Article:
Commentary: What to do about health care? 100 percent coverage
This article first appeared in the St. Louis Beacon, Oct. 27, 2009 - At Ascension Health, we believe there can be only one goal or destination for health reform: 100 percent access and 100 percent coverage for all people in America. As Congress continues to debate various plans and proposals to reform America's health-care system, we encourage the members to keep in mind the scope of the problem.
When one examines the American health-care system, the facts are sobering.
To begin, we all know that the number of uninsured is growing. Most of us can claim family members or friends who, in these tough economic times, find themselves without health insurance coverage. Today there are more than 46 million people in our country without any health insurance, and there are millions more without adequate coverage.
As the nation's largest nonprofit health-care system, Ascension Health sees firsthand the human impact of millions of Americans who are either underinsured or uninsured. In fact, last year Ascension Health's hospitals and other health-care facilities cared for one uninsured person approximately every 34 seconds, every day.
Second, health-care costs are rising and will continue to rise. Americans already spend more than $2.5 trillion a year on health care. The Centers for Medicare and Medicaid Services estimated this year that unless health reforms are enacted, total U.S. health-care spending will rise to 20 percent of GDP, compared with 16 percent now. It is estimated that by 2016 our spending will be more than $4 trillion.
Finally, although we spend more money than any other country, we're not healthier for it; we do not receive better care or enjoy improved outcomes. A Commonwealth Fund survey of primary care physicians and patients in five other nations -- Australia, Canada, Germany, New Zealand and the United Kingdom -- found that the U.S. health-care system ranks last or next to last on five key dimensions of a high performance health system. Those dimensions are quality, access, efficiency, equity and healthy lives. Much of this is due to the fact that 46 million Americans have no health-care coverage at all.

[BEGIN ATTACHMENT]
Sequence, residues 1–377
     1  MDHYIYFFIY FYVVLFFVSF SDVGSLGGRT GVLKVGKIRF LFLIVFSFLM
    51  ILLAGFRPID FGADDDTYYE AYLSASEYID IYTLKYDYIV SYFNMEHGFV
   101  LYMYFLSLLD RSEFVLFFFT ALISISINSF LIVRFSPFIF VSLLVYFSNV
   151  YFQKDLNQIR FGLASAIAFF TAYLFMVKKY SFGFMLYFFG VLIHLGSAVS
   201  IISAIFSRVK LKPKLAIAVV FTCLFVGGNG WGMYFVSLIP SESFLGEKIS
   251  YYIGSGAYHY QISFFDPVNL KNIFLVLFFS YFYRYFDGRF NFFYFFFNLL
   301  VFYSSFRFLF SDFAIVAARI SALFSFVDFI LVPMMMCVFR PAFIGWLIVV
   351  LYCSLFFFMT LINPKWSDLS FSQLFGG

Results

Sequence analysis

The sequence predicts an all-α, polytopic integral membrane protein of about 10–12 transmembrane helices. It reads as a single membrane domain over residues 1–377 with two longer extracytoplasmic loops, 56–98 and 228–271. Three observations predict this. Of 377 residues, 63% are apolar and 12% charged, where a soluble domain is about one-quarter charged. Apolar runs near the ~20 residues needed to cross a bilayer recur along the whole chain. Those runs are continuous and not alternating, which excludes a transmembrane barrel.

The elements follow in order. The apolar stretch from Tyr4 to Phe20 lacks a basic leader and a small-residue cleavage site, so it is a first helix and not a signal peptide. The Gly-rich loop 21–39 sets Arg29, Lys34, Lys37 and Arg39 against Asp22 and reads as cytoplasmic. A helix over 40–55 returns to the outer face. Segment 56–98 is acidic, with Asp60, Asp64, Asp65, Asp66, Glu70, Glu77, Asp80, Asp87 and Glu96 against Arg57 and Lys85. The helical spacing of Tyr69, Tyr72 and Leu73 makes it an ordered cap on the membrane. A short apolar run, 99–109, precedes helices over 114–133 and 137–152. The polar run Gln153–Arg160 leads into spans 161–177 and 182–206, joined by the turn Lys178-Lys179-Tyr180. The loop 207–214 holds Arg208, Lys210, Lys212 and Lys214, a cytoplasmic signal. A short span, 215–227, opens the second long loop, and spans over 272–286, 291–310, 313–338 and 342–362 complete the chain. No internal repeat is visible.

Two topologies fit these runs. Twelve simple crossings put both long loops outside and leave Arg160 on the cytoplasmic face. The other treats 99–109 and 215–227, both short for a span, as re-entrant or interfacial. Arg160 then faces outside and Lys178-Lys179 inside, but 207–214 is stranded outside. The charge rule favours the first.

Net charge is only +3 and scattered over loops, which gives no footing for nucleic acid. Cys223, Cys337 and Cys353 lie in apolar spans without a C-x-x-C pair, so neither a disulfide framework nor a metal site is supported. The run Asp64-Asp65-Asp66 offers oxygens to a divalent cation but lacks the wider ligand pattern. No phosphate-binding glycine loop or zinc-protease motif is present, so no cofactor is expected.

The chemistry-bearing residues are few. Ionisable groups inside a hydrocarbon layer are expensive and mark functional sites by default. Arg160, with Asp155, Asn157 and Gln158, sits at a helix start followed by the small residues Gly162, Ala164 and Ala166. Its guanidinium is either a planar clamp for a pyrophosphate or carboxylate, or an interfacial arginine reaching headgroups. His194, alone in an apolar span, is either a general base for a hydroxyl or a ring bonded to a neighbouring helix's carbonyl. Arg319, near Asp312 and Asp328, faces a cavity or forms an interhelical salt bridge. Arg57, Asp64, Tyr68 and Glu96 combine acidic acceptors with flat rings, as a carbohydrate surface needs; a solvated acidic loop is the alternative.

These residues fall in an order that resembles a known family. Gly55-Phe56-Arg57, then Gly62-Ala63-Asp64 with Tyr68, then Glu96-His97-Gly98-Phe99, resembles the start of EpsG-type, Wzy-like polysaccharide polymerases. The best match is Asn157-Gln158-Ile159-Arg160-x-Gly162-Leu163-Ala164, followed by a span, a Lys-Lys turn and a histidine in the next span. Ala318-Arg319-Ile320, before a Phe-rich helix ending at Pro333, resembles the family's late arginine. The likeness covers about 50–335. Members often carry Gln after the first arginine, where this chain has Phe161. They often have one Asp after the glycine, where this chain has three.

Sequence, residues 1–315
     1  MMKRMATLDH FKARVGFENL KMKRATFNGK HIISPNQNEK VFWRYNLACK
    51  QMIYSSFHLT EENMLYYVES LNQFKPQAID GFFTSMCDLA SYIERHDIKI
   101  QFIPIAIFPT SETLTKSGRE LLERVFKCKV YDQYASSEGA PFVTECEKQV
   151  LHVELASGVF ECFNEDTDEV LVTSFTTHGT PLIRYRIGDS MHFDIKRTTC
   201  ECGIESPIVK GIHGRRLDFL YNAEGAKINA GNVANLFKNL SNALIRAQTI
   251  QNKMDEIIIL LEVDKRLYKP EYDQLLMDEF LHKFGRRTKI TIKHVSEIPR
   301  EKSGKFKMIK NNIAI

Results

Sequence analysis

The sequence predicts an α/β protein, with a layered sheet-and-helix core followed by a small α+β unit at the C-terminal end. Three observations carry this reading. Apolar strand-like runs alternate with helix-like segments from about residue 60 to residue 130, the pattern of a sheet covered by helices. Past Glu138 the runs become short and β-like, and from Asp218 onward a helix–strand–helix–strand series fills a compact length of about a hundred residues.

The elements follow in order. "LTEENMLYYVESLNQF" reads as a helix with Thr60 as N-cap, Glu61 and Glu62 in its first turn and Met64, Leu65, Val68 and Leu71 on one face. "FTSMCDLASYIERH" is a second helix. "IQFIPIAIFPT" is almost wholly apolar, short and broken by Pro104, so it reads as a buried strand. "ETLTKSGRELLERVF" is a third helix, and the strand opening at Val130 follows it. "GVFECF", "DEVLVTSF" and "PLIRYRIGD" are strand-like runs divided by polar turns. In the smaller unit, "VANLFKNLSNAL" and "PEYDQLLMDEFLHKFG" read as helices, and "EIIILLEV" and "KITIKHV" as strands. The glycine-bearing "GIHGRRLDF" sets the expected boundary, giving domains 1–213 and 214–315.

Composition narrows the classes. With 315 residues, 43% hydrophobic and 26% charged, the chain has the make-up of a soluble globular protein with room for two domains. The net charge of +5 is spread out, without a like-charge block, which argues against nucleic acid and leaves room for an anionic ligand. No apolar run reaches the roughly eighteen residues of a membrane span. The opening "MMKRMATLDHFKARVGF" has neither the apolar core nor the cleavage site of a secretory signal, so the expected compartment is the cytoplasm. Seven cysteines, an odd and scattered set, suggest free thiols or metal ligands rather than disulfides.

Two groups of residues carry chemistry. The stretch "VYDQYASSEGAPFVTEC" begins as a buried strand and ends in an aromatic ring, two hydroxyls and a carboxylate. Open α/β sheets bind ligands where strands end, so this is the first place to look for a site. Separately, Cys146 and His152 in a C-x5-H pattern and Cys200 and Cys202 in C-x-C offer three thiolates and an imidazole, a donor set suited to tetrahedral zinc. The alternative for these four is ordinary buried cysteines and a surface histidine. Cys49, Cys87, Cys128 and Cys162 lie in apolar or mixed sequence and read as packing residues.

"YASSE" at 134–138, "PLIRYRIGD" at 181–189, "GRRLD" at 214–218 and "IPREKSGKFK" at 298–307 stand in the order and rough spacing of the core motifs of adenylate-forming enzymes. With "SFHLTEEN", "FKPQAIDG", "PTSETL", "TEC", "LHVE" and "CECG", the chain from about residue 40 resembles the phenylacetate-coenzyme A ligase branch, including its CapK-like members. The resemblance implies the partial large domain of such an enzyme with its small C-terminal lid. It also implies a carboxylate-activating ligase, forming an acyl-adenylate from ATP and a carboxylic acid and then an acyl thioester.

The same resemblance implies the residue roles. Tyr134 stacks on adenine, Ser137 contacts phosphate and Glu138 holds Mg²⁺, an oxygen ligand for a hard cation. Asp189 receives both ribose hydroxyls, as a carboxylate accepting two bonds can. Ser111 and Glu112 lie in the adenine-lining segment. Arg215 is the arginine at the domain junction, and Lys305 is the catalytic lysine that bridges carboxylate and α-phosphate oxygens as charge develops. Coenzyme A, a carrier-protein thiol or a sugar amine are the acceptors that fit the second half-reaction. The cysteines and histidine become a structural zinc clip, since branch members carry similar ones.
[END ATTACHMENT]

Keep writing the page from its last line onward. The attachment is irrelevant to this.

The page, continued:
We at Ascension Health have made a promise to provide "Healthcare That Leaves No One Behind." This promise is the foundation of our commitment to advocate for and help lead the transformation of health care. It is grounded in the centuries-old commitment of Ascension Health. Our organization recognizes that health-care access is fundamental to human dignity.
We see the need for a health-care system that can provide prenatal care for expectant mothers, help those in midlife manage chronic diseases and reduce the pain and suffering of those at the end of life. In short, we believe that any health reform measure must have 100 percent access and 100 percent coverage as the ultimate goal.
Ascension Health has developed a set of Guiding Features we look for in health reform, which is captured in our 100 Percent Campaign. We want to see everyone in America have access to health care and health coverage by 2020. Any other goal does not achieve true health reform.
To make 100 percent access and 100 percent coverage work, we realize all must share responsibility. Setting a clear goal of 100 percent access and 100 percent coverage requires businesses, government, health-care providers and individuals to work together. It is in that national effort that every person, rich or poor, old or young, will receive excellent care leading to good health. Access and coverage for all is a fundamental building block for a modern society.
About the author
Susan Nestor Levy is chief advocacy officer at Ascension Health, which is sponsored by the Congregation of St. Joseph, the Sisters of St. Joseph of Carondelet and four provinces of the Daughters of Charity.